Have you had to lay down some new rules during quarantine for the kids? You’re not alone. Meghan Riney, an East Dallas writer and mom of three boys, shares her family rules to help her survive the quarantine of COVID-19 with a good dose of humor.
Since it seems we are going to be contained in this house together for the foreseeable future—and because I think I may have actually roared today—I have decided it is time to, once again, review some rules of civility. (By civility, I simply mean if you would like to see more than the back of your bedroom doors, you will need to do this.)
1.Don’t eat, lick, or mouth anything other than the food I serve you. I should not have to utter things like, “Quit eating my blanket,” “Don’t lick the dog,” and “We don’t eat out of the trash.”
2. Immediately following my hours long cleaning, vacuuming, dusting and floor polishing is probably not the best time to eat popcorn using a claw clip. Why I still have claw hair clips is beside the point—I was a teenager of the ‘90s, and some things are harder to shake than others.
3. I understand that you may not always like what I cook, but that does not give you an excuse to eat chips all day and then tell me you aren’t full at meal times. Yes, my own cooking is making me physically ill as well—and I believe my body is starting to reject it—however, it is what we have. Do not make me tell you about starving children one more time. There are buzzards circling our house because my spirit is dying.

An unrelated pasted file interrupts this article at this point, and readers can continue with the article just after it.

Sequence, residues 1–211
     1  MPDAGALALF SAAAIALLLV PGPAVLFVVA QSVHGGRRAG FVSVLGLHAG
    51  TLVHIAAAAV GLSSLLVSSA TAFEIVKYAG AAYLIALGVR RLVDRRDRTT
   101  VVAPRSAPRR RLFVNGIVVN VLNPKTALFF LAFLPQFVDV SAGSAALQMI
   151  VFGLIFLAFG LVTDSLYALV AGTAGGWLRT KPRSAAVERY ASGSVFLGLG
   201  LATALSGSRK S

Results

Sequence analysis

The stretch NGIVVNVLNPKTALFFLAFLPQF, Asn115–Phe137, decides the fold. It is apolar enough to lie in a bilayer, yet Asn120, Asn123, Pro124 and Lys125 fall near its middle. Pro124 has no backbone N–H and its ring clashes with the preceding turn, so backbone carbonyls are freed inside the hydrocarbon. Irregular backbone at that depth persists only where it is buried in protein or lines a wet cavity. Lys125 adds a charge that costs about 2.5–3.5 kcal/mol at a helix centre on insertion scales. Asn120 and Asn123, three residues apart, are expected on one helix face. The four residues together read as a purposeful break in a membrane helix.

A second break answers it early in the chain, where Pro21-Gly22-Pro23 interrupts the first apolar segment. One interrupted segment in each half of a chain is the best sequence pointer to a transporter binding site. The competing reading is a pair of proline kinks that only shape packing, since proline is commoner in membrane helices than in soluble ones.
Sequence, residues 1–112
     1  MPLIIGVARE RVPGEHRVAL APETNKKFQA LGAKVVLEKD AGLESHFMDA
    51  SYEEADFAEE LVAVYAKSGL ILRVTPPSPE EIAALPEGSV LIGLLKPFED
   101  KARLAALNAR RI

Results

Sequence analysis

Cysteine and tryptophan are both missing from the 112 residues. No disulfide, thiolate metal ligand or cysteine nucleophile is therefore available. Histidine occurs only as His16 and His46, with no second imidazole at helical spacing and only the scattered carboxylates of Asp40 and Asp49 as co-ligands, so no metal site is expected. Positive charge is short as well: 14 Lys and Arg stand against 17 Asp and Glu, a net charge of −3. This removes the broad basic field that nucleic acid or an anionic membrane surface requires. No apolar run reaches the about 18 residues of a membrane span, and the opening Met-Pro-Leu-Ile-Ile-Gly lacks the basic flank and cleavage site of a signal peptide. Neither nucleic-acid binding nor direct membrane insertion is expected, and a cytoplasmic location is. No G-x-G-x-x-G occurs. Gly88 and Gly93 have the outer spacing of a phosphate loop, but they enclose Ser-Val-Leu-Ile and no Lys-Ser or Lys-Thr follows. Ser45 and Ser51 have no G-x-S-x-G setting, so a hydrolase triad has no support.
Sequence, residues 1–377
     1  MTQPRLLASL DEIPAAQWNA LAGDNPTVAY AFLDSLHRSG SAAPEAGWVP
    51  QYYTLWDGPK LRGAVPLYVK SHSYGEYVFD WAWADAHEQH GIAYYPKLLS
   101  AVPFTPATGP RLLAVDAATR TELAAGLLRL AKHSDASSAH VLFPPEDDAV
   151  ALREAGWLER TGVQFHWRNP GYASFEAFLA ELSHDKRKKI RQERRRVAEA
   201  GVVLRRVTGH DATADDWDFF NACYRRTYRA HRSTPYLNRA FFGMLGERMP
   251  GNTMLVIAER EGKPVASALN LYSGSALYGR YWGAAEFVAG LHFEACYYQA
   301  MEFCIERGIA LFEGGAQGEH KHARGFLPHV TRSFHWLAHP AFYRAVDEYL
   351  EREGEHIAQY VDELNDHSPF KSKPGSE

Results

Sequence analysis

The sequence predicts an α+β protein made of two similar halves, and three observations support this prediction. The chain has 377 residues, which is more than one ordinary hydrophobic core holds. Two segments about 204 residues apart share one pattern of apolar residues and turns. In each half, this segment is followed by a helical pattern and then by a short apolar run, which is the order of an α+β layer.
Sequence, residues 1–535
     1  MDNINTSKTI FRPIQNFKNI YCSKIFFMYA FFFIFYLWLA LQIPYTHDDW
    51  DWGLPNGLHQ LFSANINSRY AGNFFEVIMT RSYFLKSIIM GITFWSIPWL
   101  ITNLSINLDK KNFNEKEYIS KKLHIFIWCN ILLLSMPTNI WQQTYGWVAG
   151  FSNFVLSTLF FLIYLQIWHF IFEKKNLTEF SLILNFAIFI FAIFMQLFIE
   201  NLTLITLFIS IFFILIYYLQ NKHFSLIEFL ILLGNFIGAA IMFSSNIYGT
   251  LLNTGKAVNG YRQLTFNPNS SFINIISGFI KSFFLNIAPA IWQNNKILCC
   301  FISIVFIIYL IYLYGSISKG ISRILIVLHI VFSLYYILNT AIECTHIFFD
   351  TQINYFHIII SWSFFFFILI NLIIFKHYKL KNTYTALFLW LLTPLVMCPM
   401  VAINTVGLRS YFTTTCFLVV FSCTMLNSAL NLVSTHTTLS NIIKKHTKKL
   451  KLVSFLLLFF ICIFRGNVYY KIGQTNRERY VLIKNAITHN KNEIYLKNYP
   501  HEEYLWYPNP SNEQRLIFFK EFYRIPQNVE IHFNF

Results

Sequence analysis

4. I should never walk into the room and see you drinking out of a wine glass. I don’t care if it’s just La Croix. It’s weird, wrong, dangerous and just visually disturbing.
5. We, as humans, brush our teeth regardless of what we are doing that day. That is all.
6. I don’t care if you found a balloon in the closet—we do not play with balloons, ever! They are the devil’s playthings. Balloons lead to nothing but fighting, crying, loud noises and potential choking. Also, years ago y’all got a balloon with a string wrapped around the ceiling fan in our bedroom. Now, if we would like some extra air in our room, dad and I have to give the fan a running start like we’re hand-starting a prop plane.
7. Dragging your little brother around the house by his feet is not “playing train.” I don’t care if you call it the “Baby Express.”
9. When I’m in my room and you ask me if I would like my door shut, I will assume you need to talk to Jesus about what you are about to do.
10. When I’m working out in the living room, I don’t need your help. If I wanted to do goat yoga, I would have signed up for it years ago.
Finally, know that dad and I love you with our whole hearts. When all of this is over, we will know each other even better, treasure these moments together, praise God for his grace and immediately order a deep cleaning.
Image courtesy of iStock.